Applied skills come from applied experience. Apprenticeships offer exceptional opportunities to work within the construction, forestry, heavy equipment, metal, service, electrical, recreational, manufacturing, mining, transportation and utilities fields.
Apprenticeship Programs at KPU
- Apprenticeship Fees & Payments
- Apprenticeship Grades & Records
- Arborist Technician: Apprenticeship
- Automotive Service Technician: Apprenticeship
- Building Envelope Technician: Apprenticeship
- Carpentry/Building Construction: Apprenticeship
- Climbing Arborist: Apprenticeship
- Construction Electrician: Apprenticeship
- Industrial Mechanic/Millwright: Apprenticeship
- Landscape Horticulture: Apprenticeship
- Metal Fabrication: Apprenticeship
- Parts & Warehousing: Apprenticeship
- Plumbing: Apprenticeship
- Production Horticulture: Apprenticeship
- Welding: Apprenticeship
Apprenticeship Training Overview
There are three major components of apprenticeship training:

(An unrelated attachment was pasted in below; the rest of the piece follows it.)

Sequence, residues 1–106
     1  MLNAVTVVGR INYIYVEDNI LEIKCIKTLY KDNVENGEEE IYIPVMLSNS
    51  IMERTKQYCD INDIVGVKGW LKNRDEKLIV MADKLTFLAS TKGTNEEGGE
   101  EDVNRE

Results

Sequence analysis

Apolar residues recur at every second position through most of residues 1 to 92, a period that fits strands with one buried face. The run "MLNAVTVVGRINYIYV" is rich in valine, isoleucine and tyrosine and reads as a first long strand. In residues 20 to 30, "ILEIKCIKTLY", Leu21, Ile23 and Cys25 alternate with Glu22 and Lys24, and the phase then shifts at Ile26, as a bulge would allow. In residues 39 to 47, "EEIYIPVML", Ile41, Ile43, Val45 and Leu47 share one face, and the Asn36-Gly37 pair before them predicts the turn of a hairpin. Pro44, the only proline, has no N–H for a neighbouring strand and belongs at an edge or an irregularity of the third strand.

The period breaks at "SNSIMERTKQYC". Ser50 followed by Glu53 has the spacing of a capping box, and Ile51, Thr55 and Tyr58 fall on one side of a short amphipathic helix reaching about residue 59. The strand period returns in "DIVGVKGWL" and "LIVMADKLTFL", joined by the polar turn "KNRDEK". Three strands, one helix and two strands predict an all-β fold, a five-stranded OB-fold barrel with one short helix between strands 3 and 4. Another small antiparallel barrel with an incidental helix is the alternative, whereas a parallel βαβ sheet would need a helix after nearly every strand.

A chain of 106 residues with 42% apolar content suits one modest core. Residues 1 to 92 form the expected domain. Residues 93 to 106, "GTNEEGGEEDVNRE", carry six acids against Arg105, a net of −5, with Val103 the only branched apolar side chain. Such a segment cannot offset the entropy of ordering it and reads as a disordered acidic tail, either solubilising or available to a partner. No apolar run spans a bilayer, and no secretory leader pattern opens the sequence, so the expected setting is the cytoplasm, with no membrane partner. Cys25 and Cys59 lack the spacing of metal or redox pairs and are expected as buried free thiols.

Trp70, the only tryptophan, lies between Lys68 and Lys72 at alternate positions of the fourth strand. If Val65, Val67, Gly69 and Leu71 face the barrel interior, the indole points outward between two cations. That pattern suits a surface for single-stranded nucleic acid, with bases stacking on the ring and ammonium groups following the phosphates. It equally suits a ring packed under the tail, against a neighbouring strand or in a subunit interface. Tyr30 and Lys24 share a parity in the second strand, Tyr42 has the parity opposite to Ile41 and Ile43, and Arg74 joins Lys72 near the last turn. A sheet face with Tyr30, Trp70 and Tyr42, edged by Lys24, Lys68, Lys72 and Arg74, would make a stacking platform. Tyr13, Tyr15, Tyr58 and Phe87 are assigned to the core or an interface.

- A formal agreement between the employer, apprentice and Industry Training Authority
- In-school technical training
- Work-based training (on the job)
Role of an Apprentice
Apprentices have an employer to sponsor them and are registered with the Industry Training Authority (ITA) ; more importantly they have made a commitment to learn applied skills both on the job and in school. To enhance your understanding of the requirements to earn certification it is recommended you review the Industry Training Program Profile for your trade on the Industry Training Authority website (www.itabc.ca).
In-School Technical Training
As an apprentice discuss appropriate times with your employer to attend in-school technical training for approximately 6 - 10 weeks per year over a four year period. To progress, an apprentice must meet ITA program requirements for the in-school technical training and standardized level exam that includes both practical and theoretical components. KPU offers in-school apprentice technical training in the skilled trades listed below.
All apprenticeship programs have identified work-based training. On-the-job training provides an opportunity for students to apply the theory that they learned through their in-school technical training into practice. Track your hours/work with your sponsor and report this information to the ITA every 6 to 12 month. Review your apprentice transcript on line through ITA Direct Access (www.itadirectaccess.ca) to ensure your information is up-to-date and accurate.